Here in the U.S., the NBA, NHL, MLB, and MLS have all suspended their seasons. A number of high-profile sports events have been called off, including March Madness and the Masters. There’s even precedent from just this week for canceling large multination events, as the Euro 2020 and Copa America soccer tournaments were called off with support from FIFA. Even President Donald Trump, someone who hasn’t acquitted himself particularly well throughout this ordeal, said the 2020 Olympics should be delayed if spectators weren’t allowed into the venues. (But, again, even without spectators, there are dangers.)

There’s a lot of incentive to proceed as if everything will be fine. Japan has poured more than $25 billion in public and private money to stage the games. In 2014, NBC paid $7.7 billion as part of a package to broadcast the games until 2032. The Washington Post reported that NBC says it has sold nearly 90 percent of its advertising inventory, which is worth $1.25 billion.

Beyond the money, no one wants to deny thousands of athletes their opportunity to compete in the world’s premier sporting event. Many of them compete for very little money, in relative obscurity, just for the chance to walk into Olympic Stadium for the opening ceremony. It’s understandable why they, and even Olympic organizers, want to keep the dream alive. To even get to the Olympics requires the kind of courage and perseverance that would make the coronavirus seem like just another hurdle.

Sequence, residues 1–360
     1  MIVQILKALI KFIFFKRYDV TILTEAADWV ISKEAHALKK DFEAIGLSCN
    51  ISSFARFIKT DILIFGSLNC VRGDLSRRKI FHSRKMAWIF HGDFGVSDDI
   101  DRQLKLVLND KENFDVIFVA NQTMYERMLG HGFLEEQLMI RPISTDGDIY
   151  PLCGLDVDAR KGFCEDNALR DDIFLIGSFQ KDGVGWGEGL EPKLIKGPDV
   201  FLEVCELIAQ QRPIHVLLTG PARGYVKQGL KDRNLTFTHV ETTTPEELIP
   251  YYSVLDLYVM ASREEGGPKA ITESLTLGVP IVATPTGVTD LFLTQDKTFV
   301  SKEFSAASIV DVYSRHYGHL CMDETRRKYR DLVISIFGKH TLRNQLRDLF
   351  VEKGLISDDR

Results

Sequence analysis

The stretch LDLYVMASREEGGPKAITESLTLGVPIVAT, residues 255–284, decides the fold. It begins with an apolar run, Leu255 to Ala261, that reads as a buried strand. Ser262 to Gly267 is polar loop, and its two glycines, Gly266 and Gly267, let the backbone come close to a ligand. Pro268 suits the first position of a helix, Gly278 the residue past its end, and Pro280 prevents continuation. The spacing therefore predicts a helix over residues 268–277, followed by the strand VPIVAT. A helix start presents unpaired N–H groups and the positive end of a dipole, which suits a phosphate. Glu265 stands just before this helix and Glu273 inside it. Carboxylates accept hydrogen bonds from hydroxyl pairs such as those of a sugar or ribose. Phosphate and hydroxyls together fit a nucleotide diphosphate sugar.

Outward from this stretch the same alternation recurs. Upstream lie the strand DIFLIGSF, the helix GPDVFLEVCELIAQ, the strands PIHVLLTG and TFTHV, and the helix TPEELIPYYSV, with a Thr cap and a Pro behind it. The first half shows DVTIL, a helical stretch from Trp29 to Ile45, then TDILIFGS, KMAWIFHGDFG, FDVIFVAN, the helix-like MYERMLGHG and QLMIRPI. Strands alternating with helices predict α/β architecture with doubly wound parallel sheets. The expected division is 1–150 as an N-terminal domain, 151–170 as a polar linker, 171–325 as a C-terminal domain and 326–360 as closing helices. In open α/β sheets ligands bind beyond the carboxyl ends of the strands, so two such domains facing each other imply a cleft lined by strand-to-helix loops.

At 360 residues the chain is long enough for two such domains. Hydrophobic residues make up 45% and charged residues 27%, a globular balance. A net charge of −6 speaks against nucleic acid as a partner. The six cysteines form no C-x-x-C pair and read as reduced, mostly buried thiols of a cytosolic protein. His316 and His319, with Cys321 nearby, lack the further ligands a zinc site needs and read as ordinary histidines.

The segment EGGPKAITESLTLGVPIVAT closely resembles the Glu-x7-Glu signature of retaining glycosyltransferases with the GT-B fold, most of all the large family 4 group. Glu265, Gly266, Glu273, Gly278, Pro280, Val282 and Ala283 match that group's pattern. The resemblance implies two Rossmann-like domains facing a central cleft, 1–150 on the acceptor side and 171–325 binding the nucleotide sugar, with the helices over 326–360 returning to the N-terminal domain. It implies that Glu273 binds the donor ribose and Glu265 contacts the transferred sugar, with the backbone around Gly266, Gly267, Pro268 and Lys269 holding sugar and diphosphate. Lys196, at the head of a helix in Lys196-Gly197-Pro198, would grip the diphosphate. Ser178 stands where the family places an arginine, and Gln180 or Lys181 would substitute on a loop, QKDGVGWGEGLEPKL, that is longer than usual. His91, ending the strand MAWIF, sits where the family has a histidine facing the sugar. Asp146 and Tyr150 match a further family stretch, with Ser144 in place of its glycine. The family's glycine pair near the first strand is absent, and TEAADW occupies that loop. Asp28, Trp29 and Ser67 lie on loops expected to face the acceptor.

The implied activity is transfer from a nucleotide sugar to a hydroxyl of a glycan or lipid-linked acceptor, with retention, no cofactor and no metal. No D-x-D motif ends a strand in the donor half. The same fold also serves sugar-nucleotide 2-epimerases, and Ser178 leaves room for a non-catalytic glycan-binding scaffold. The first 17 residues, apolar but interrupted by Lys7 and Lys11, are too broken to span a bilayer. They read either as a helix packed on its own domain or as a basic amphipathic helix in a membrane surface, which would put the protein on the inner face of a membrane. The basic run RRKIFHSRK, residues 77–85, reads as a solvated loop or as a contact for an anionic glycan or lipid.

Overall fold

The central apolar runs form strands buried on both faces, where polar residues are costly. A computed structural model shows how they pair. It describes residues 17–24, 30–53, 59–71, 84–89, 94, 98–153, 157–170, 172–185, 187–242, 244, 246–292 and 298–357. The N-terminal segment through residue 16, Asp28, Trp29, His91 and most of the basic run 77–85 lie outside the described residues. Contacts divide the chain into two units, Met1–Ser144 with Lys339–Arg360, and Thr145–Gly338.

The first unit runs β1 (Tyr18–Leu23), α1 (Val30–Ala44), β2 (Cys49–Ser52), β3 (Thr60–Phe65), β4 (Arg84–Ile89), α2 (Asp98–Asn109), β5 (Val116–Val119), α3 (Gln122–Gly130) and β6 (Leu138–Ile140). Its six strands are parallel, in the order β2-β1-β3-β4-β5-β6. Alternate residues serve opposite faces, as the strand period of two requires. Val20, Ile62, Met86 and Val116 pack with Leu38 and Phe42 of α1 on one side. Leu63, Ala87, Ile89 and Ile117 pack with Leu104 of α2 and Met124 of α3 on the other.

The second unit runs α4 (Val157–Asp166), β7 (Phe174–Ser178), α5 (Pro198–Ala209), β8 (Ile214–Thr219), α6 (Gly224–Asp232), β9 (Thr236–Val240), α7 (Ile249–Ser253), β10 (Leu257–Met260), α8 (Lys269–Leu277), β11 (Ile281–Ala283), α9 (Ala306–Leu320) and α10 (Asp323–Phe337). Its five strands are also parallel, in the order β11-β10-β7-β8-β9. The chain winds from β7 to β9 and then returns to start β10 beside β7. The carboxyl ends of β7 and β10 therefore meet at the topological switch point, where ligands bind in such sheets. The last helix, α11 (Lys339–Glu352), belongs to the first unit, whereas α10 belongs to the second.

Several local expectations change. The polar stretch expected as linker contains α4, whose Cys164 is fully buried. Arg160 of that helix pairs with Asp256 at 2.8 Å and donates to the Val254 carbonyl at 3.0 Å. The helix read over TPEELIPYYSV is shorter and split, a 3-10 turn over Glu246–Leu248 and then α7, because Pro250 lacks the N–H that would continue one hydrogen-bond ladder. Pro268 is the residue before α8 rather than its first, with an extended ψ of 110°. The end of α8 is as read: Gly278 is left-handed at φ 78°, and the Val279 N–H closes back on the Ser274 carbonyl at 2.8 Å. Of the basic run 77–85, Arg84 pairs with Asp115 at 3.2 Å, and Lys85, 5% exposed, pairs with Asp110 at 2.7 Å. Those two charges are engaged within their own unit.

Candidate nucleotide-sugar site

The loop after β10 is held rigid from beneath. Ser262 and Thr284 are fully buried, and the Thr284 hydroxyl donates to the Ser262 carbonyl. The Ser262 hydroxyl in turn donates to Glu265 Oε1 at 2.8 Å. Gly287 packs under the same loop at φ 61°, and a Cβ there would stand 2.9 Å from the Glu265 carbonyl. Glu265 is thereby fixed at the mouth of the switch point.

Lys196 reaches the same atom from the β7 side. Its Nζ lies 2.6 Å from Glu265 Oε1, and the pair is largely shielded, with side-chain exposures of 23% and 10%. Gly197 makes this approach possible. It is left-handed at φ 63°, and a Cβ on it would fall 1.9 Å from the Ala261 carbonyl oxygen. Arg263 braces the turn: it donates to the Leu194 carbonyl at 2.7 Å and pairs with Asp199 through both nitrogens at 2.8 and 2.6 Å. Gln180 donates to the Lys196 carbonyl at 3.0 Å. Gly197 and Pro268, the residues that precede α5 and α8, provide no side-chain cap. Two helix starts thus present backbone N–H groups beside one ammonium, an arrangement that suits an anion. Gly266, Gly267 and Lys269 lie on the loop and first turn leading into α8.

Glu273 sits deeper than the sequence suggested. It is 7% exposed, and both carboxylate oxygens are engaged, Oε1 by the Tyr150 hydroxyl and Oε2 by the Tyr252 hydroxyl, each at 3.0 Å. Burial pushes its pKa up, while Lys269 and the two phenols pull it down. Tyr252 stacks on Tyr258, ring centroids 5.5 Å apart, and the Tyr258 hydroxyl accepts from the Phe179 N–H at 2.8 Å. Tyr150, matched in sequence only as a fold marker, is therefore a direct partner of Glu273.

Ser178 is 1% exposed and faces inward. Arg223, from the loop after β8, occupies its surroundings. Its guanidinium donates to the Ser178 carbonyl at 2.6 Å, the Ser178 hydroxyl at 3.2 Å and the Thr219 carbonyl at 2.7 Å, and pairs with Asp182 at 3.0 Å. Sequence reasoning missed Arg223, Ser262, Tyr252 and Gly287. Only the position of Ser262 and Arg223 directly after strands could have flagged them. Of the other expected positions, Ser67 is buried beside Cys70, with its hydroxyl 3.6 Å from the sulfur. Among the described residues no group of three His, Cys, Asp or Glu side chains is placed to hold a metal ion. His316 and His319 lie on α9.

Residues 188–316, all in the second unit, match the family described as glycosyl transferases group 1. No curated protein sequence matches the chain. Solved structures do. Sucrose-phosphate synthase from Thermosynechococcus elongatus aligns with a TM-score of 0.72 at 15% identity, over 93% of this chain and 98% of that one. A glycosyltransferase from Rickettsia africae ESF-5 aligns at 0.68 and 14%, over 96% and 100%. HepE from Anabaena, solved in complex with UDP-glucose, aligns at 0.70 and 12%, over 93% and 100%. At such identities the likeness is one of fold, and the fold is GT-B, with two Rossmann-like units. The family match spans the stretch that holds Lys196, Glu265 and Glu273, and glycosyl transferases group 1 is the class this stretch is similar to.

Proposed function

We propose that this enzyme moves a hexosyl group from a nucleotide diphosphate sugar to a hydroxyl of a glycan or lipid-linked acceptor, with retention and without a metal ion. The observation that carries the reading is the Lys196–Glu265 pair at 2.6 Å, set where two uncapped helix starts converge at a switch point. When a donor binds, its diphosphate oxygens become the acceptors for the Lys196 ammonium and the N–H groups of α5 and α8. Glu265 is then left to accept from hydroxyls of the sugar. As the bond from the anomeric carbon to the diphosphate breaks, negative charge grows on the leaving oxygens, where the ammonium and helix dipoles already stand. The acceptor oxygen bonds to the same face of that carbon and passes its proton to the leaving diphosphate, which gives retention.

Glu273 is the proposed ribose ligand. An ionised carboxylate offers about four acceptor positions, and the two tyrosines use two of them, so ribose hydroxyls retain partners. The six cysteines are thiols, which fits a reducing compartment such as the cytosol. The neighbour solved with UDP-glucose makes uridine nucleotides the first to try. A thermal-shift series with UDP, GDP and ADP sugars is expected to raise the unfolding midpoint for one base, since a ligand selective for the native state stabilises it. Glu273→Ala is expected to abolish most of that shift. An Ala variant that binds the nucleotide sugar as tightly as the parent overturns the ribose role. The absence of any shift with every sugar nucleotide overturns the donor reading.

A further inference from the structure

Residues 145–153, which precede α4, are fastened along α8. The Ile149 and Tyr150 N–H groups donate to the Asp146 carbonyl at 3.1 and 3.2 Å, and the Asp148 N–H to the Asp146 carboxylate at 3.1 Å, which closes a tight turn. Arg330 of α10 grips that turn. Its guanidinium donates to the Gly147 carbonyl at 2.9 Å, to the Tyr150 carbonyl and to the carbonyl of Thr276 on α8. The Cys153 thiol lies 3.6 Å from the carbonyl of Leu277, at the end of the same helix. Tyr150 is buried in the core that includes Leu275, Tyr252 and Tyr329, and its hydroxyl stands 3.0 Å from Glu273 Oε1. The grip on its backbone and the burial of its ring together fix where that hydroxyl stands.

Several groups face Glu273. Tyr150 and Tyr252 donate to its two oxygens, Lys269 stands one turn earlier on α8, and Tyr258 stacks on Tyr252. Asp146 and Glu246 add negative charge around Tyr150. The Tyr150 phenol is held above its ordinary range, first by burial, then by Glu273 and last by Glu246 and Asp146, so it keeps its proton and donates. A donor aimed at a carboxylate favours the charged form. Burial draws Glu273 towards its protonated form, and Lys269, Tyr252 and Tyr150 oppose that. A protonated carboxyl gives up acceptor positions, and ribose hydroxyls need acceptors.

Sandi Morris, a silver medalist in the pole vault in 2016 and the American record holder, articulated what I imagine many Olympic-level athletes feel.

“Corona hasn’t won this battle yet! Nope nope nope! Don’t give up hope!” she tweeted earlier this week.

That’s exactly the attitude you’d expect of a champion athlete. But the coronavirus is no mere competitor. COVID-19 now a deathly and persistent reality, and if the international committee won’t recognize that, it’s time for Team USA to take the lead.

If the U.S. Olympic committee cares about the athletes, and the Olympic ideal of international cooperation, the way it says it does, it should embrace the smartest way to win this battle: stay home.

Correction, March 20, 2020: This piece originally erroneously referred to the United States Olympic & Paralympic Committee as the United States Olympic Committee.